Etching and Drypoint

Sunflower seedhead. Etching on copper plate with Edinburgh etch mordant.

To cover material about etching as a process and the printing of the intaglio plates would be impossible to do in a single webpage as it is a very extensive subject. In the subsequent web pages I talk about some methods of “safe” etching, using “Bordeaux etch” and “Edinburgh mordant”. Included a note about the making of a “drypoint” etching. On this page it is just about the history of etching, be it very brief.

It was Daniel Hopfer, around 1470-1536 of Augsburg in Swabia, Bavaria who saw that he could use it to produce multiple prints after a life of decorating armour and weaponry.

It was soon recognized during the Renaissance in Italy, that it was a much easier method to produce printable copper plates then the much more difficult method of having to engrave them. You just needed to draw like an angel.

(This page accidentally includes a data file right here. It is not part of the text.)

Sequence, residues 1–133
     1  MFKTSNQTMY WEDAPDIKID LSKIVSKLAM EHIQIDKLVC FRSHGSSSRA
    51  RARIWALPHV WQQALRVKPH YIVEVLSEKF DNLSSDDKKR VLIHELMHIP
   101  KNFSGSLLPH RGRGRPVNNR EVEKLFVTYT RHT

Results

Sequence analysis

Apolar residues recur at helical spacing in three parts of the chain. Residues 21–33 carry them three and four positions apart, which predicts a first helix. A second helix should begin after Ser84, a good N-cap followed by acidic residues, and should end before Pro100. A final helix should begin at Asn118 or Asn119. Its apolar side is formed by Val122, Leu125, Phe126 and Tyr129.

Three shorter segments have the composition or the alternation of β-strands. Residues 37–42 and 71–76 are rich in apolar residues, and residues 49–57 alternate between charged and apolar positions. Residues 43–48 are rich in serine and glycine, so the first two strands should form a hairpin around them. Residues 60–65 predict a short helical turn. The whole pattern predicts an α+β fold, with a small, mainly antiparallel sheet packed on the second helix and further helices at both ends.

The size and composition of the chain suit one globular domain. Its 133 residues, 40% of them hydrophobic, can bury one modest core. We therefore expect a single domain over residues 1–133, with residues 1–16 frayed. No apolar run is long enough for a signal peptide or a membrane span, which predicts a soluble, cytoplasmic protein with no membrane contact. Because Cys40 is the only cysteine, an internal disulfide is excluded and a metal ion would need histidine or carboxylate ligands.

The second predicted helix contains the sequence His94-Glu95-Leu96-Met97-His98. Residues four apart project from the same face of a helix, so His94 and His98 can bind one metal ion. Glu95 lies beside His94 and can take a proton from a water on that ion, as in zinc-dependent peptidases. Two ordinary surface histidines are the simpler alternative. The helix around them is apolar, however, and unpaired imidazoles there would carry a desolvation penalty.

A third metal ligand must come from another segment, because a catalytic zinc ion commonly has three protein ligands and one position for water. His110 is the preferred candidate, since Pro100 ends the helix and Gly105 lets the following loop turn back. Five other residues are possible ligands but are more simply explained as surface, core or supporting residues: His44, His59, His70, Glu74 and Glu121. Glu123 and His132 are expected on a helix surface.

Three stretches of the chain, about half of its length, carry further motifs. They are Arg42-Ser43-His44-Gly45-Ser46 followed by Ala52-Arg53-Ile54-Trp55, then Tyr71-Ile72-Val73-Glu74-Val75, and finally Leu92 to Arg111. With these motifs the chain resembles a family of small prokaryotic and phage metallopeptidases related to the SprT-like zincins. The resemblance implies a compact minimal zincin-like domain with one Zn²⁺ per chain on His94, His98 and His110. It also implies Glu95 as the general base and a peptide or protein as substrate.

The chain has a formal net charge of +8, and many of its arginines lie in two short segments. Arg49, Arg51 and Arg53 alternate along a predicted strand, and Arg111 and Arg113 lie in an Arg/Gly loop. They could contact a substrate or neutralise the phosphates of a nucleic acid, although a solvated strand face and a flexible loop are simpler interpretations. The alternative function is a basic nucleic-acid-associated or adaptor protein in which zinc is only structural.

About a hundred years on it was Jacques Callot 1592-1635 from Nancy in Lorraine who developed some very handy improvements to advance the technique of etching. One of them was his invention of the “échoppe”, an etching needle with on one end has a slanting oval section so you could change the thickness of the line, “swelling the line”. He also greatly improved the grounds used to protect the plate from the mordant. One technique he improved and used extensively was “stopping-out”, where you interrupt the etching process to varnish over areas where you want to achieve a lighter tone.

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